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M. Gualtieri, M. Nishi, M. Lago, D.F. Ventura; Color Discrimination and Chromatic Contrast Sensitivity Assessed in Type 2 Diabetic Patients Without Retinopathy . Invest. Ophthalmol. Vis. Sci. 2005;46(13):4750.
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© ARVO (1962-2015); The Authors (2016-present)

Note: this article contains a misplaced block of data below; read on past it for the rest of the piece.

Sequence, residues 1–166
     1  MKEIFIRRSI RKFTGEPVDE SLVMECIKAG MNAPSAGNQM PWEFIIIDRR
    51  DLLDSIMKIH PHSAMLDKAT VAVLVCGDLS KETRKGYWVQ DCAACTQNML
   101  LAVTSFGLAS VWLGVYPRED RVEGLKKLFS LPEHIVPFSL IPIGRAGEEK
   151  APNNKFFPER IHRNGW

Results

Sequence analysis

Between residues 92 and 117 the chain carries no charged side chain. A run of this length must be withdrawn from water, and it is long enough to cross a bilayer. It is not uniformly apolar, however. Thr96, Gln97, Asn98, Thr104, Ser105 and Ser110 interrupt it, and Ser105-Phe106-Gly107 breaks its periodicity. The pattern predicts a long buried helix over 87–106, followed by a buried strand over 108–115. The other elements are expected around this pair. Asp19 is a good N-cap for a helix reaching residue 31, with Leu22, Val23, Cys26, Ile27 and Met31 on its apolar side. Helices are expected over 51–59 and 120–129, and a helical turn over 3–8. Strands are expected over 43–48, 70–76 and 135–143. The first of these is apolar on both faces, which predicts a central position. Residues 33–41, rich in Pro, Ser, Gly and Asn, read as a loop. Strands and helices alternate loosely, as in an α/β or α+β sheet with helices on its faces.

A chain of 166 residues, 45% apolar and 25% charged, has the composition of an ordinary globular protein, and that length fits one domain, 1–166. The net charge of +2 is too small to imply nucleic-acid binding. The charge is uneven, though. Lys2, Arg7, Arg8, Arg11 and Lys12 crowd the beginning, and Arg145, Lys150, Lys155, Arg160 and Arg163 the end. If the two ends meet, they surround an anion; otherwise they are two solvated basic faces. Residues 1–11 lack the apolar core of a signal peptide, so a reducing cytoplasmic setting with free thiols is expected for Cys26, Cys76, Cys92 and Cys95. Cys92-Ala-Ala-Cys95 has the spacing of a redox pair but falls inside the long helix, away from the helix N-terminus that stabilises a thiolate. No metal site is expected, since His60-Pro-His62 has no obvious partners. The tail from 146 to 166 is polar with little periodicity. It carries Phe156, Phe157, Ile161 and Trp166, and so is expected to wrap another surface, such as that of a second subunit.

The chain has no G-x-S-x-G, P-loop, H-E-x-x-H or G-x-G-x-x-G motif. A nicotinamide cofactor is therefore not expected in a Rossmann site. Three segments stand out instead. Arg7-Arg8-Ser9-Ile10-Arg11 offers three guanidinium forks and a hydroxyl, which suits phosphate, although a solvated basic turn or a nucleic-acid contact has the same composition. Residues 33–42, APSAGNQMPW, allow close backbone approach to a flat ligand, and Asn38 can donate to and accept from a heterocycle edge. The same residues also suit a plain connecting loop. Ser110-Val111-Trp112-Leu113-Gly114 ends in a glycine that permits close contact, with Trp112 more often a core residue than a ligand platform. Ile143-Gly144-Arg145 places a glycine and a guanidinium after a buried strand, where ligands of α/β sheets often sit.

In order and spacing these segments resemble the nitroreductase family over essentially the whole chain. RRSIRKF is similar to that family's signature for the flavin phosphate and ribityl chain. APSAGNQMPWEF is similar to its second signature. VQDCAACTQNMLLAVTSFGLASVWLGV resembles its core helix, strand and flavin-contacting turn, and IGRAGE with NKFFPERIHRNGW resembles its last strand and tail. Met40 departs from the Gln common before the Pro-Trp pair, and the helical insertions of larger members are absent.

Purpose: To assess the chromatic discrimination and contrast sensitivity of diabetics with no retinopathy, using recently developed psychophysical tests. Methods: color discrimination of 36 diabetic patients without clinical signs of retinopathy at the fundus examination (18 women, 18 men; age= 55.3 ± 8.4 years and mean time of disease= 6.5±5.7 yrs) was evaluated using the Cambridge Colour Test (CCT, Cambridge Research System, CRS). Chromatic contrast sensitivity function (CSF) at the red/green – R/G – and blue/yellow B/Y axes was measured using equiluminant gratings generated with PSYCHO for Windows 2.36 (CRS); the luminance CSF was measured as well. The performance of the diabetic patients was compared to that of two age–matched control groups: n= 23, age= 62.39±8.87 yrs for the CCT and n= 14, age= 61.43±13.54 yrs for the CSF. The tests were performed in the dominant eye; in a darkened room in which the only luminance came from the stimulation monitor whose mean luminance was 18 cd/m2 (CCT) and 34 cd/m2 in CSF tests. Metabolic control (glucose level at the test time and glycosylated hemoglobin, HbA) and time of diabetes of the patients were correlated with their visual data. Results: the color discrimination (CCT) of the diabetics was significantly lower from that of controls in the MacAdam ellipse u’= 0.197; v’= 0.468 (p= 0.00 Kruskal–Wallis test). The chromatic and achromatic CSFs of the patients were significantly lower at all spatial frequencies compared to those of controls (p< 0.01 Kruskal–Wallis test). The differences between CSFs of diabetics and controls for chromatic gratings were about 10 dB while for the achromatic set it was about 6 dB. The HbA levels and time of disease were correlated only with CCT results and glucose level at the test time did not correlate with either CCT or CSF. Conclusions: Diffuse color discrimination losses were detected in the non–retinopathic diabetic patients. The CSFs measured with R/G and B/Y stimuli, seem to be more sensitive to detect early visual abnormalities in these patients. This is probably due sensitivity of the CSF to hipoxia (Dean et al., 1997; Harris et al., 1996). Both examinations must be considered a useful and reliable tool for the visual follow–up of diabetics since the early stages of the disease.
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